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New England Patriots

Patriots counting on rookie DE Derek Rivers to have an impact

New England Patriots defensive end Derek Rivers (95) speaks with reporters at NFL football training camp, Thursday, July 27, 2017, in Foxborough, Mass. (AP Photo/Steven Senne)
AP Photo/Steven Senne

The New England Patriots won the Super Bowl and then actually got substantially better this past offseason with a series of aggressive moves and a lot of salary cap space to utilize. Then in the draft, without a first- or second-round pick at their disposal, many pundits couldn’t believe that defensive end Derek Rivers was still on the board for the Patriots with the 83rd pick.

New England’s biggest weakness from a year ago was its pass rush. Well, sorta. The defense did allow the fewest points in the NFL during the regular season. But, as usual, Bill Belichick did things differently.

Because they always pick so late in drafts, the Patriots have a tough time acquiring and keeping high-end edge pass rushers. So, as you can expect, they have morphed their defense accordingly. Throughout their front seven, New England features excellent run defenders. The Patriots are very big and physical on the defensive line and at linebacker.

As a result, they have made their big nickel defense more or less their base unit. They get away with having three safeties on the field, because their defensive line and linebackers are so stout against the run. This gives New England more versatility with their matchups in coverage, and they play a lot of man-to-man at a high level. It is a very good and very versatile secondary that got even better with the signing of Stephon Gilmore.

Adding to that, no team in the NFL rushed just three defenders as much as New England last season. They Patriots didn’t have top edge rushers, so instead of sending those players upfield as pass rushers, New England dropped their edge players a high percentage of the time.

Rob Ninkovich and Jabaal Sheard are gone. Along with Rivers, the Patriots have new edge additions in Kony Ealy, who they acquired in trade from Carolina, and another draft pick, Deatrich Wise, whom New England selected in the fourth round. There has been a lot of buzz about Wise, and he showed well early in the game before sustaining an injury in the second quarter. Ealy did some pass rushing from an interior defensive line spot, but isn’t a dynamic player off the edge.

Thursday night was the first time we got to see these three in action. Ealy fits more of the run- stuffer mold, but maybe if this trio can infuse a pass rush off the edge for the Patriots, they will change up their scheme. Another rookie, Harvey Langi, started the game and had an overall nice performance in his debut. But let’s mostly focus on how Rivers performed.

New England Patriots defensive end Derek Rivers (95) steps on the field at NFL football training camp, Thursday, July 27, 2017, in Foxborough, Mass. (AP Photo/Steven Senne)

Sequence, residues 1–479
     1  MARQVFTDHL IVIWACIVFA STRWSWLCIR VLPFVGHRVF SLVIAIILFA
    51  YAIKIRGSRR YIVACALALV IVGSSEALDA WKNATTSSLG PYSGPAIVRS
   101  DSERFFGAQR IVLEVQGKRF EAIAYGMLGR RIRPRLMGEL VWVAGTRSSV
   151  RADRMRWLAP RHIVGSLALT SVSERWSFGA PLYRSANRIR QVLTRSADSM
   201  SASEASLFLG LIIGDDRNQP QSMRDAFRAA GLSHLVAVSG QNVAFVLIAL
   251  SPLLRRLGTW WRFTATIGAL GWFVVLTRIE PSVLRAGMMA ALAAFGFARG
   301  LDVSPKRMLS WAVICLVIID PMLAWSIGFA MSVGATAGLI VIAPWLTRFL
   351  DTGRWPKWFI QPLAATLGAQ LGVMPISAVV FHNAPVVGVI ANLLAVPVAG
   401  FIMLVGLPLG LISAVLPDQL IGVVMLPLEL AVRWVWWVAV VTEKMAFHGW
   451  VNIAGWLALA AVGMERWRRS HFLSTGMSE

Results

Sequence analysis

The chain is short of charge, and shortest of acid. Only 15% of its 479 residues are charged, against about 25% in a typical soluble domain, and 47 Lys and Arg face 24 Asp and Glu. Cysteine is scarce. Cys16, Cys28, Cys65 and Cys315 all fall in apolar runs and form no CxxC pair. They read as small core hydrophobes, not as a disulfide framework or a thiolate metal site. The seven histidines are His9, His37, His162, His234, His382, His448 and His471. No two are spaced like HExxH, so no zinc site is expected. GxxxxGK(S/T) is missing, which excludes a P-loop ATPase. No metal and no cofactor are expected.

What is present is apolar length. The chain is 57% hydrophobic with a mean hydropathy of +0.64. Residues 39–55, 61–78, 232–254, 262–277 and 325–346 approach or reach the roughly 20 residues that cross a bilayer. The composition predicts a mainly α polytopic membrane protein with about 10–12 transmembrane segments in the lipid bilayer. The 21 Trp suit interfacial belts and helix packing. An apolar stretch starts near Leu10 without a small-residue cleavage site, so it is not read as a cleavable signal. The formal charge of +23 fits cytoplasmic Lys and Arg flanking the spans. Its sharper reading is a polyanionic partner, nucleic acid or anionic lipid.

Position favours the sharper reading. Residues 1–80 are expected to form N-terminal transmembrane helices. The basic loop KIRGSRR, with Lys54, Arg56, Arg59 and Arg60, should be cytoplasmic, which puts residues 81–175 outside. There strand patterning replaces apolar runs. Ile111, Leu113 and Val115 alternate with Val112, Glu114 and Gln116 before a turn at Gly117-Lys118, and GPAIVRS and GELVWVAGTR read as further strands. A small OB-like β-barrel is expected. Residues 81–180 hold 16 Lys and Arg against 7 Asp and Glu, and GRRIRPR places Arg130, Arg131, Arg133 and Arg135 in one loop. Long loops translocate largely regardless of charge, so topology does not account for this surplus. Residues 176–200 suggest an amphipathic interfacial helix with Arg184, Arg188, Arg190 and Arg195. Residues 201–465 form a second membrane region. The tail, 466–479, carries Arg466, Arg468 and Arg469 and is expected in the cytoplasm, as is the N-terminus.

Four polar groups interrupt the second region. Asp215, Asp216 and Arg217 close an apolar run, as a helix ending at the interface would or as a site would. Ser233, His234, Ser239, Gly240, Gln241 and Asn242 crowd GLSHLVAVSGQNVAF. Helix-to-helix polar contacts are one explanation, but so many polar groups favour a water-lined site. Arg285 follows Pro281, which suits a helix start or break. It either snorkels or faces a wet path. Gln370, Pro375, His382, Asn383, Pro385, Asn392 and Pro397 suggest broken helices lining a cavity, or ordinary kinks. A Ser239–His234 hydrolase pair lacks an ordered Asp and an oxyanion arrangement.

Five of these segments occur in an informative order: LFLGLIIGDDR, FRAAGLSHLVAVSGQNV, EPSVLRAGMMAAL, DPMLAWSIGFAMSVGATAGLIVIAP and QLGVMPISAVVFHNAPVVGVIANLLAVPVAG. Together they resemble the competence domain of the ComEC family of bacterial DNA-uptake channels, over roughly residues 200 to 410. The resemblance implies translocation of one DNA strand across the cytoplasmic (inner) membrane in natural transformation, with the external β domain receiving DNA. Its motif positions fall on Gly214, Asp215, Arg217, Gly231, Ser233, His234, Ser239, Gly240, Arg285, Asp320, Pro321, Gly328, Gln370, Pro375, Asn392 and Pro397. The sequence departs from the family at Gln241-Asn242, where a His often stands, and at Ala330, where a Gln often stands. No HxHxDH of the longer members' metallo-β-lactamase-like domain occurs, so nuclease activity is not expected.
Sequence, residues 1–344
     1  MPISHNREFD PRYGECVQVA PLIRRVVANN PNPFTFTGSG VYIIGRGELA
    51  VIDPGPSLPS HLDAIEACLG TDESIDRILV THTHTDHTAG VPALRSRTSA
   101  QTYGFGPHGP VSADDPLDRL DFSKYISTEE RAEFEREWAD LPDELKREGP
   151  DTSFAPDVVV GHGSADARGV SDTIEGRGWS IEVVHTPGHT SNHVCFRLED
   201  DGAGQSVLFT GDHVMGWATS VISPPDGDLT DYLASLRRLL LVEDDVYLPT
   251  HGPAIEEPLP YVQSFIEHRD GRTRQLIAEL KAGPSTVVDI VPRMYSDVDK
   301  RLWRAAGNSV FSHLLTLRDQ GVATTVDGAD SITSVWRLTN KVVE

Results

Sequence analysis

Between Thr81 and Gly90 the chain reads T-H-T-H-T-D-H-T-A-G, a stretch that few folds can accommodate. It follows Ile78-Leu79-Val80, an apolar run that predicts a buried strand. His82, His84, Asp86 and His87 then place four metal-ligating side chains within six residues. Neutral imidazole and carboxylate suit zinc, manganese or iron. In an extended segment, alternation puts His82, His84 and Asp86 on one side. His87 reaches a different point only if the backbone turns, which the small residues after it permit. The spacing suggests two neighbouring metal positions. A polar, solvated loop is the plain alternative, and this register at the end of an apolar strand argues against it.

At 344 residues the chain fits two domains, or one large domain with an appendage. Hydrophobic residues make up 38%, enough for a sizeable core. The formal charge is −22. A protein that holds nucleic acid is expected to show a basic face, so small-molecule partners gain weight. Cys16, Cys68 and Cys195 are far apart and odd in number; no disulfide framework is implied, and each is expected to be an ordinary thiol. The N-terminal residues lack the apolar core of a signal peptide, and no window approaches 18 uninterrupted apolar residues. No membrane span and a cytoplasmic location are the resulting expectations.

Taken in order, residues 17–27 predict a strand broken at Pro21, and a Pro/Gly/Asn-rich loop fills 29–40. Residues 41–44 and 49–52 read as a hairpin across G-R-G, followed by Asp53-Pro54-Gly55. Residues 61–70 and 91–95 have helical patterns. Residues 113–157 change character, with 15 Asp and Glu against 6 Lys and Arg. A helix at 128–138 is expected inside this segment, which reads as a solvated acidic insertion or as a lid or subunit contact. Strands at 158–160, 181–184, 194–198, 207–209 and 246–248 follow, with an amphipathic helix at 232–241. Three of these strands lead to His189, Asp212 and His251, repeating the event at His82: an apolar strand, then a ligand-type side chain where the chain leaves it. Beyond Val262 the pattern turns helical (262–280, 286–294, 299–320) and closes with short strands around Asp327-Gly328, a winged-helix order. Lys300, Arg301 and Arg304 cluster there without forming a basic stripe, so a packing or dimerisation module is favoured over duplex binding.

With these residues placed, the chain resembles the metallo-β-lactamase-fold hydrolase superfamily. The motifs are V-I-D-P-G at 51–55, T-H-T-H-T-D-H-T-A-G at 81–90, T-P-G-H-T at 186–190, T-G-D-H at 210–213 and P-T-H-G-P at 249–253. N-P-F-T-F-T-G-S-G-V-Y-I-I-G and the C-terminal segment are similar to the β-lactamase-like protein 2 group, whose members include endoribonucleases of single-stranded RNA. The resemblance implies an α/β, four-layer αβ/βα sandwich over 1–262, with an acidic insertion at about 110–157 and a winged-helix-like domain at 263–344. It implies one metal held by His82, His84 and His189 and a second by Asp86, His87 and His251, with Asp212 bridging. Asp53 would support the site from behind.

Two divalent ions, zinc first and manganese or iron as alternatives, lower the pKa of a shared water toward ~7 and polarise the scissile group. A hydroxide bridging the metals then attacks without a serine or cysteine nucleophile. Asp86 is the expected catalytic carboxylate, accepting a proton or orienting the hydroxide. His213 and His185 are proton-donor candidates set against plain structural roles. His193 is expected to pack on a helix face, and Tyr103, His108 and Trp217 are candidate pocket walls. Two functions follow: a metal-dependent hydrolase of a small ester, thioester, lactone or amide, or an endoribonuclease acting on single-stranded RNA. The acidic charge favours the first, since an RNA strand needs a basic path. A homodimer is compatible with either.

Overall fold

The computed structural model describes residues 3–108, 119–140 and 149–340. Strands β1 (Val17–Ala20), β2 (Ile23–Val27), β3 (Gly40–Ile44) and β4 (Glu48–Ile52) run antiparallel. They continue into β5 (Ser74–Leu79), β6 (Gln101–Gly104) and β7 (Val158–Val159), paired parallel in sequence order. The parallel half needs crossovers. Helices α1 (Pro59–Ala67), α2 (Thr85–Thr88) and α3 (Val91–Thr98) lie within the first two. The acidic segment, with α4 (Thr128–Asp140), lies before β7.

(AP Photo/Steven Senne)

First off, New England basically didn’t play any starters when hosting the Jacksonville Jaguars in their first preseason game. Even so, Rivers didn’t officially “start” the game for New England. However, he first saw the field on the first third-down situation as the Patriots’ right defensive end.

Over the course of the game, we saw Rivers come out of a three- and two-point stance, mostly from the left side. It didn’t happen often, but he did drop into coverage here and there. In the first half, he covered TJ Yeldon on a quick-hitting angle route. Rivers looked out of place in this capacity, but the results worked out OK for New England. Mostly, Rivers did battle at the line of scrimmage on the edge against the run or pass, and the Patriots kept it simple for him.

For the majority of the first half, Rivers and the rest of New England’s backup defenders battled against mostly the Jaguars’ first-team offense. So that can’t be overlooked when analyzing how Rivers did in his debut.

That is good to know, as Rivers did little to distinguish himself against Jacksonville. He has a long frame and narrow waist, and looks like he would benefit by adding a few pounds. He struggled getting off blocks and could stand to add more upper- and lower-body strength. Rivers did show a good get-off, but too often rushed himself out of the play too far upfield.

He didn’t appear to do a very good job attacking the edges of his opposing blockers, and when his first move was stymied, Rivers didn’t show much of a penchant for going to a second alternative. He did fight his way to a near-sack midway through the first quarter when Blake Bortles held the ball too long, but that was probably the highlight of his evening.

Jacksonville hit on a few huge plays, including 97- and 79-yard touchdowns in the first half, and Leonard Fournette gained chunks of yardage running downhill. New England allowed more than 200 yards on the ground. Rivers did little to stand out or slow down the Jaguars despite playing a high percentage of snaps.

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